As stewards of the public’s trust and the resources invested in the organization, board members have an obligation to ensure that the organization uses its resources as effectively as possible to advance its charitable mission. Every board should therefore set strategic goals and review them annually, generally as part of the annual budget review process. This review should address current needs and anticipated changes in the community or program area in which the organization operates that may affect future operations. It should also consider the financial and human resources that are needed to accomplish the organization’s goals. Such periodic performance reviews and assessments are a common feature of many self-regulation, accreditation and funding programs in which nonprofit organizations participate.
Although discussions of individual program activities and accomplishments are typical of most board meetings, these are not a substitute for a more rigorous periodic evaluation of the organization’s overall impact and effectiveness in light of goals and objectives that the board has approved.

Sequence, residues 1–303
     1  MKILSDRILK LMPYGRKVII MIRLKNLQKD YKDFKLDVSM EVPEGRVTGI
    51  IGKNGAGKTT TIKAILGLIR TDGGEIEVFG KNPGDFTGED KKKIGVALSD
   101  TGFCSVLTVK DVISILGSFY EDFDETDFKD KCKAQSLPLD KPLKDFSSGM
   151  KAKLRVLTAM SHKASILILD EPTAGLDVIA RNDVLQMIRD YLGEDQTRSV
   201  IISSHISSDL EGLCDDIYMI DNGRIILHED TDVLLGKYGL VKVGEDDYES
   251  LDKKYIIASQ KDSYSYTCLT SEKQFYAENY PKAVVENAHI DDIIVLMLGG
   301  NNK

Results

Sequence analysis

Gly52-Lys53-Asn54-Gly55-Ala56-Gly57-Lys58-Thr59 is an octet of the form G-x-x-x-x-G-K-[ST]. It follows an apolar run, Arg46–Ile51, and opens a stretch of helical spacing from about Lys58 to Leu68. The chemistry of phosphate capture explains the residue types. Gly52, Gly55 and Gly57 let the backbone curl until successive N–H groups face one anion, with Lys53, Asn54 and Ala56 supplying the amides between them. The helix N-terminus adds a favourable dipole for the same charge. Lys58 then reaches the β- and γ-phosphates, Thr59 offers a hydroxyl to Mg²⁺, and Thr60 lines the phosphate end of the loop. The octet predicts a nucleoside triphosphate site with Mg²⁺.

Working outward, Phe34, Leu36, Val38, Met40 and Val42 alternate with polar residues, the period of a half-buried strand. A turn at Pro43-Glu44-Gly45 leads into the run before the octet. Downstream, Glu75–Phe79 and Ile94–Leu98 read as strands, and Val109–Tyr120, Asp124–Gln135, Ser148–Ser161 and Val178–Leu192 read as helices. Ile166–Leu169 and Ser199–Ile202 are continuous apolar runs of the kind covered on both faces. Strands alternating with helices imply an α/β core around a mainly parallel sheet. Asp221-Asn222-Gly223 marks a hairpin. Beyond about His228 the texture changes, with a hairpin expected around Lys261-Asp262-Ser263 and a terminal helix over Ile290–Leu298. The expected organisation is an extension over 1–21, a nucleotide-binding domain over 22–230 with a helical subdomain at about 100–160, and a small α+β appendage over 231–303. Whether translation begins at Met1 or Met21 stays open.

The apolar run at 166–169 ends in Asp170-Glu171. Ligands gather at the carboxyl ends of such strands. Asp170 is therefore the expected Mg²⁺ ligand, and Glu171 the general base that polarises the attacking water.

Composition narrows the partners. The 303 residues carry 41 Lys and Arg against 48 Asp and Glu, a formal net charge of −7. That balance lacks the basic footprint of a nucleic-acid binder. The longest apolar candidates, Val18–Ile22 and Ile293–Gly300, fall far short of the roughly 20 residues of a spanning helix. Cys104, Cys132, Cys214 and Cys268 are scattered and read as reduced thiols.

Because organizations and their purposes differ, it is incumbent on each organization to develop its own process for evaluating effectiveness. Most organizations should have at least an informal review of their progress on goals and objectives annually, but, because of the time and cost involved, they may choose to conduct a more rigorous evaluation less frequently. Even for organizations whose work is not properly measured in one-year increments, such as scientific research or youth-development programs, interim benchmarks can be identified to assess whether the work is moving in the right direction.
These questions – from the Principles Workbook (PDF) – are intended to prompt discussion about the principle, assess the polices and practices of your organization, and encourage your organization to take steps to identify where improvements should be made.